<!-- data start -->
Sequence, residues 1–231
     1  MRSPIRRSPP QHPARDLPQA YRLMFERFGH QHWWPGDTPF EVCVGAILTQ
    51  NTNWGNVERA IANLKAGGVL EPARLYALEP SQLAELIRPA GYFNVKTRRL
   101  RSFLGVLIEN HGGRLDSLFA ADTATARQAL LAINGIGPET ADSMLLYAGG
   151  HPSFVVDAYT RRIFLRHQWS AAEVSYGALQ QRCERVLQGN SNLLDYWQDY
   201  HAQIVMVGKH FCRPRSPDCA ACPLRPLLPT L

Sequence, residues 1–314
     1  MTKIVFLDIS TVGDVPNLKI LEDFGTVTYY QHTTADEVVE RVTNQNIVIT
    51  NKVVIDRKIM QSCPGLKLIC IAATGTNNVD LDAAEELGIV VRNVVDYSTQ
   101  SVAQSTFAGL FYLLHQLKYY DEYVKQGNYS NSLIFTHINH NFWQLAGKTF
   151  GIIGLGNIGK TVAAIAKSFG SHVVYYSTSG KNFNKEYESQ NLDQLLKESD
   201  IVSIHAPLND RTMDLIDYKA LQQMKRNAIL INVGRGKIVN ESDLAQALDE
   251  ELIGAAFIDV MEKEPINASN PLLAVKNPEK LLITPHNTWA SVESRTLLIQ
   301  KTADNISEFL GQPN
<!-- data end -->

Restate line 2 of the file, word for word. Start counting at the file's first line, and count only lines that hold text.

     1  MRSPIRRSPP QHPARDLPQA YRLMFERFGH QHWWPGDTPF EVCVGAILTQ